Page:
Ontario's experiment with minimum wage could transform Canada's economy: Don Pittis
We're the guinea pigs in a real-life research project, and no one can be sure how it will turn out
Reading any statement from an economist on the subject of minimum wage, you might think the eventual results are unequivocal and well understood.
The strongest critics of Ontario's sharp hike on Jan. 1 in the hourly rate from $11.60 to $14 use traditional economics to predict certain doom for an economy devastated by plunging employment.
Of course, supporters of the increase take the opposite view, saying it will stimulate the economy by putting money into the hands of the poorest, who will actually spend it.
In spite of research purporting to support these opposing sides, the issues are so complex, so entangled with other economic impacts, with politics, with emotion, that exactly how the rise in wages will play out is far from certain.
And partly because Ontario's 21 per cent increase is so steep, no one is really sure how it will turn out, says labour economist David Green.
"Most economists, even economists on the left, are worried about how fast that is going up," says Green, a professor at the University of British Columbia who has made a career of studying how the price of labour affects other parts of the economy.
While this increase is happening in a single province, that province is Canada's most populous and most industrialized. It includes rich cities and rural backwaters. And if it damages the economy, it is reasonable to assume that damage will have an impact across the country.
Whether it succeeds or fails, and how, will stand as a lesson for other jurisdictions.
Unique opportunity for economists
For economists, used to having to extract meaning amid the noise of other economic forces, this sudden change in the price of labour is a unique opportunity.
"When you see a wage go up, you're like, is that because demand has increased? Is it because supply has increased? How are those things interacting?" Green explains. "Here somebody actually comes along and just moves a price for you. And so you get to see things that help us understand how the labour market works."
Part of the current popular narrative is the growing gap between rich and poor, which, as polls have repeatedly shown, Canadians don't like.
Observe the astonishing reaction to the CBC News story broken last week by Aaron Saltzman, with the narrative of super-wealthy Tim Hortons bosses wintering at their southern estate while cutting the benefits of the minimum-wage workers who help generate their wealth.
Previous attempts to redistribute wealth through tax reform have faced a traditional-media backlash.
Dear Tim Horton's, I am deeply puzzled how a self-styled champion of the ordinary, working class stiff can pull this kind of mean-spirted, money-grubbing crap. Forget about the morality, this is hall of fame stupid for your brand. I look forward to seeing the bottom line impacts—@VoiceOfFranky
Previous studies have shown price increases will come, but economists say they should be small. For example, if minimum-wage labour contributes 10 per cent of a product's value, final prices would rise by about two per cent.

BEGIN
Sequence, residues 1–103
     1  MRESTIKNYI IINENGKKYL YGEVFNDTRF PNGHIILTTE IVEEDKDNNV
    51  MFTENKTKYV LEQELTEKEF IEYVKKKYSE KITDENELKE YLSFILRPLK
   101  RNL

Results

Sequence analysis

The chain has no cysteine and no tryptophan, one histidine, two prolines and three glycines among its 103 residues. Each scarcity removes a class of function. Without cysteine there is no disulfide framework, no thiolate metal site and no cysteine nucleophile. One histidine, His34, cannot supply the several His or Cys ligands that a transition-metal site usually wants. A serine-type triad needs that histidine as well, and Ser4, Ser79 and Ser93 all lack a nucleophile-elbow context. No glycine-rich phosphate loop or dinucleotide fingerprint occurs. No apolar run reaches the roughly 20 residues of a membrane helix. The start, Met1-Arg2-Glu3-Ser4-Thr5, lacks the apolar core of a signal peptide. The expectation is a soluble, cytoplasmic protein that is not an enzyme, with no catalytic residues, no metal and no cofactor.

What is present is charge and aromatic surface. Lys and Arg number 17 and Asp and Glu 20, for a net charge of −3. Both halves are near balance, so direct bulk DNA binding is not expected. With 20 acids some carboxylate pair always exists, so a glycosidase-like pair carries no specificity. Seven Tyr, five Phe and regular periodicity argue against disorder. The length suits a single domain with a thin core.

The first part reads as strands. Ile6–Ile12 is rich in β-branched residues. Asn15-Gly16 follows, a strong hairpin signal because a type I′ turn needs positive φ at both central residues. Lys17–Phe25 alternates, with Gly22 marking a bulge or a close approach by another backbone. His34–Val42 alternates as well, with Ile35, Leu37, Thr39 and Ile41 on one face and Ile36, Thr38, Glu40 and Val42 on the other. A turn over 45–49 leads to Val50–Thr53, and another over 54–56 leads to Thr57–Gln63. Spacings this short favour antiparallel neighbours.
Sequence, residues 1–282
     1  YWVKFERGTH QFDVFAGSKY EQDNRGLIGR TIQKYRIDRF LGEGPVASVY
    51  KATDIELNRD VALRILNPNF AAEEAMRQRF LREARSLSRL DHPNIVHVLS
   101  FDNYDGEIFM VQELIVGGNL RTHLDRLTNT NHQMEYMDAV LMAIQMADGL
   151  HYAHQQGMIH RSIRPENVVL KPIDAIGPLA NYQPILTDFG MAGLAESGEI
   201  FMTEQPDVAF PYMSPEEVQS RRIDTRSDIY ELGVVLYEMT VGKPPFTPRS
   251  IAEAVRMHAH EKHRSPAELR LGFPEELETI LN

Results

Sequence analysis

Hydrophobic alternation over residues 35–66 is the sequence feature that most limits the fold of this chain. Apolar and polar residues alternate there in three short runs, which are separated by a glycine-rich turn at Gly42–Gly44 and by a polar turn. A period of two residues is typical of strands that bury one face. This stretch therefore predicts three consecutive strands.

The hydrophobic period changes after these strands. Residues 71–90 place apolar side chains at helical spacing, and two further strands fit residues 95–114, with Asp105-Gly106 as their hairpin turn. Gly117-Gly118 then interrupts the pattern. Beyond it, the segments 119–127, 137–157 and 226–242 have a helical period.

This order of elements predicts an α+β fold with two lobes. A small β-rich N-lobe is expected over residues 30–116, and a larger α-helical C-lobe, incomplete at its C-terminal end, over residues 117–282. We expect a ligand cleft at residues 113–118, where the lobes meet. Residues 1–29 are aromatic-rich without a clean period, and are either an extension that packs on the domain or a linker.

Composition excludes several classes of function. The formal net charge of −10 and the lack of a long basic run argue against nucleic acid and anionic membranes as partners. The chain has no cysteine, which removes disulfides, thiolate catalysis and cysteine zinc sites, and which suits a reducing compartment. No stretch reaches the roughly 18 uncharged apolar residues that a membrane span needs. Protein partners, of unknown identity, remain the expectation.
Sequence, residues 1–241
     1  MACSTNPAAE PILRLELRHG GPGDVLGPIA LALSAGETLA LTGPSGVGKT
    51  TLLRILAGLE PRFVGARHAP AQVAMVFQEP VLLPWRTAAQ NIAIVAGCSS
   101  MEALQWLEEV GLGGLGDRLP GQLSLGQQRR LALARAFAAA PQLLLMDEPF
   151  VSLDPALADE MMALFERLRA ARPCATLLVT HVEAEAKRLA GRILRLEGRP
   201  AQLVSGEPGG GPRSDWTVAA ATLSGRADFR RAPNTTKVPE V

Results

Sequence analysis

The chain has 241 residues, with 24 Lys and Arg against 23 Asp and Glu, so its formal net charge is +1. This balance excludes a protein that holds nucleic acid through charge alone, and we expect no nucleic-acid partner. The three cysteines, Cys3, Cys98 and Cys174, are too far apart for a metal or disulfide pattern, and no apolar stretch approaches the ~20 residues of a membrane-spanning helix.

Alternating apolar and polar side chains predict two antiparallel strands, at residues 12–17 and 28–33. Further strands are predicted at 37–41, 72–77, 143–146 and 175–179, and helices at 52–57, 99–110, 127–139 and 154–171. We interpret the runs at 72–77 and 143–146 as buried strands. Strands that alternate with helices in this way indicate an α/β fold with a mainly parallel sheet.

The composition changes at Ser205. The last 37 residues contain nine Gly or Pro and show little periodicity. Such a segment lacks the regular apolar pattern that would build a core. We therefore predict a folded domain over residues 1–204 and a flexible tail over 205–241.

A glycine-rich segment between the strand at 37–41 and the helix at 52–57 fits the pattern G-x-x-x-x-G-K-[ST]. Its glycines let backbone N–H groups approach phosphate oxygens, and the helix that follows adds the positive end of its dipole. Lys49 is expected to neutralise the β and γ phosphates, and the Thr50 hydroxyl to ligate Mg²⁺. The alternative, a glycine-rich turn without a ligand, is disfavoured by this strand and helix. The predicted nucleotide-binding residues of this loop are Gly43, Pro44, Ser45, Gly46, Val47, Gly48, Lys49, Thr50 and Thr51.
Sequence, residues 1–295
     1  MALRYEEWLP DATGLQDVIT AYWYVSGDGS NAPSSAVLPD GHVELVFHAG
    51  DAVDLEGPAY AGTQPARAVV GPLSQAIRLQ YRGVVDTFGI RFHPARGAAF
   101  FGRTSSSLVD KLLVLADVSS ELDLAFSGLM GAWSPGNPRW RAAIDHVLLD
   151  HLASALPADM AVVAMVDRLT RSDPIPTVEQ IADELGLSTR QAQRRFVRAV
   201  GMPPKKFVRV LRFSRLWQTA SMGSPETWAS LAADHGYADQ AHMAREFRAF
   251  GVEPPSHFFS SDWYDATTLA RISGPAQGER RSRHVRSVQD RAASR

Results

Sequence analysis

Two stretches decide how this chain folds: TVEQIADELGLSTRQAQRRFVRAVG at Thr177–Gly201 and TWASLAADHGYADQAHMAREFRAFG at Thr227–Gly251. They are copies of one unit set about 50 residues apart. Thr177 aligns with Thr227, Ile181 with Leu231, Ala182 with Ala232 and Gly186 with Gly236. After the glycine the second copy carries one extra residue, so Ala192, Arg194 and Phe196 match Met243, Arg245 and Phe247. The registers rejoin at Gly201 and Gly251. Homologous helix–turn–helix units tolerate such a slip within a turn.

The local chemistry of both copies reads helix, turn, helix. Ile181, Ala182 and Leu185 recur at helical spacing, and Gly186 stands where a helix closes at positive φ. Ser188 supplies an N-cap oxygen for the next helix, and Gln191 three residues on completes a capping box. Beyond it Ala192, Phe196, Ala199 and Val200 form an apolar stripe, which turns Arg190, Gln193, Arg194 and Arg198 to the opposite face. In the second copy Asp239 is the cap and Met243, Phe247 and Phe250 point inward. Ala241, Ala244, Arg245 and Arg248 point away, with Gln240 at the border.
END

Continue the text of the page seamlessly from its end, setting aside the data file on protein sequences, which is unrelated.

Sometimes outside forces such as competition or a consumer backlash mean business owners must swallow some of the cost increase out of their profits or look for savings elsewhere.
Will poor people be worse off?
A minimum-wage hike is not necessarily bad for business, because all businesses have to pay it. Some say businesses will move operations to lower-wage parts of the world, but even that is disputed. Others say the poor will be worst affected as consumer prices rise.
Other strange features have been observed following minimum-wage increases. One is that after a hike, layoffs actually go down. Companies known to profit by paying their workers well, such as B.C.'s White Spot restaurants and Costco, do better at the expense of those using a low-wage strategy, such as Tim Hortons or Walmart.
But at the heart of the increase is the political issue of social fairness, says Carleton University professor emeritus Allan Moscovitch, who says the minimum wage was initially intended to provide enough income to support a family.
Guided by the tradition of British poor laws, he says, social service payments are always held below minimum wage. That means sharply higher minimum wages may eventually result in welfare payments closer to the poverty line.
As Ontario Premier Kathleen Wynne said last week, businesses never think it is a good time to raise the minimum wage.
"Ontario is doing very, very well right now. Corporate profits are high," Wynne told the CBC News. "And so it just makes no sense that this is not the time."
"It is the time," she said.
Time for an election
Moscovitch archly points out that it is also the time for Wynne and her Liberal Party to move left and take votes from the New Democratic Party in the provincial election scheduled for June. But that political motivation may create a rare window to do something governments have been avoiding.
It is true that studies around the 2008 economic slump in the U.S. have shown that the success or failure of a change in minimum wage depends on the conditions of the wider economy.
On Friday Canadian job creation hit another high and unemployment hit another low. Perhaps this time the real-life experiment will work out.
Whatever the result, it may settle some economic arguments. More likely, it will spark a new round of arguments over whether the Canadian economy would have been better or worse off if the changes had never happened.
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